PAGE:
Tonight Raven had us do a quiz to discover our conflict resolution types. This involved rating value based statements as to how well it matches our typical responses during conflict situations and how we react or behave (not necessarily what we think is the correct response).
Most statements were easy for me to rate as soon as I heard them. Others, like the following statement, made me think. This one for a long time.
Being an educated, politically motivated individual who studied religious traditions, this statement first demanded I consider the question "What is truth?"
We all know "facts" change as new knowledge is discovered and we have all seen the power in grassroots movements and spiritual belief. It's hard to dismiss the importance of these phenomena in what we would liberally consider the pursuit of truth. Further, if a "truth" is believed by all but there are no facts or empirical evidence available to back it up, does that make it not true? Or is the majority belief in itself enough to make it a "truth" for everyone?
Of course this simplified argument doesn't allow for an understanding or definition of a variety of truths - we all deal daily with subjective, relative, objective, or absolute truths and might even hold different criteria for deciding which is which.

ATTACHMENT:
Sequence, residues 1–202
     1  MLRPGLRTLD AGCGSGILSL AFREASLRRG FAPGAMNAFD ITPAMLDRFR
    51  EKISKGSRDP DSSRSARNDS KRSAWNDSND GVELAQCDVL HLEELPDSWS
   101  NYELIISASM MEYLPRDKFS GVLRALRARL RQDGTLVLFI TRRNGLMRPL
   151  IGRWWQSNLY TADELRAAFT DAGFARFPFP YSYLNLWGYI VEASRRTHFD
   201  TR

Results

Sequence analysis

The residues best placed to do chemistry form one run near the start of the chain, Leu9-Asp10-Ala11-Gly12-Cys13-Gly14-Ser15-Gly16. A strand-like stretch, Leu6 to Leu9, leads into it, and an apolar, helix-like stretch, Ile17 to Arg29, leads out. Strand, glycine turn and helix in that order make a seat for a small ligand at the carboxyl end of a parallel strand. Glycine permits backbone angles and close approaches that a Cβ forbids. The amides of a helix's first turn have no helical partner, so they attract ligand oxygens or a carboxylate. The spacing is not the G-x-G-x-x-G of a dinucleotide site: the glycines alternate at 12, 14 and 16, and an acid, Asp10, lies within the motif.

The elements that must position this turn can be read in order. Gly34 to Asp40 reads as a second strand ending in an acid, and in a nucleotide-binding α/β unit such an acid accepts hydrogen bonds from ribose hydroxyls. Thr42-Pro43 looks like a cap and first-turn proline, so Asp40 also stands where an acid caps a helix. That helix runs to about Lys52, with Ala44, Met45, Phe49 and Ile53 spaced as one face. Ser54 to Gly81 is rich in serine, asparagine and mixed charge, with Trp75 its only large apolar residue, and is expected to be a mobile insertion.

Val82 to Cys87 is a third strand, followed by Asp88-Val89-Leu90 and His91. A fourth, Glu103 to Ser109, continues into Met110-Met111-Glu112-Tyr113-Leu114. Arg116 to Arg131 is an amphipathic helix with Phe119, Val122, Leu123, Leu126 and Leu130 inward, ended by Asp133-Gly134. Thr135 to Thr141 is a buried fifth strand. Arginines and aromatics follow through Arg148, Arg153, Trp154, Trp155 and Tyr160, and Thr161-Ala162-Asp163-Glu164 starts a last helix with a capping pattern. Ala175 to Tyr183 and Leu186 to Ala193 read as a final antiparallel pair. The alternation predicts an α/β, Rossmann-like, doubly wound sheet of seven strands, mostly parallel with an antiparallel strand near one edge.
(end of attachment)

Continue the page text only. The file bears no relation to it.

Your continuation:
This statement gave me pause because, while I hold knowledge in the highest esteem I also value greatly the will of the people. I think, for the most part, that if the majority of people believe in something then that is enough to make it true in some sense. However, I do hold minority positions in issues I care fervently about - like equal rights for gay people and families - where I believe strongly the religious majority is just plain (and factually) wrong. I can't have it both ways, can I?
It might just be that there is actually no right or wrong way to find or place value in this statement. This might even be a discussion that doesn't have a natural conclusion. What do you think?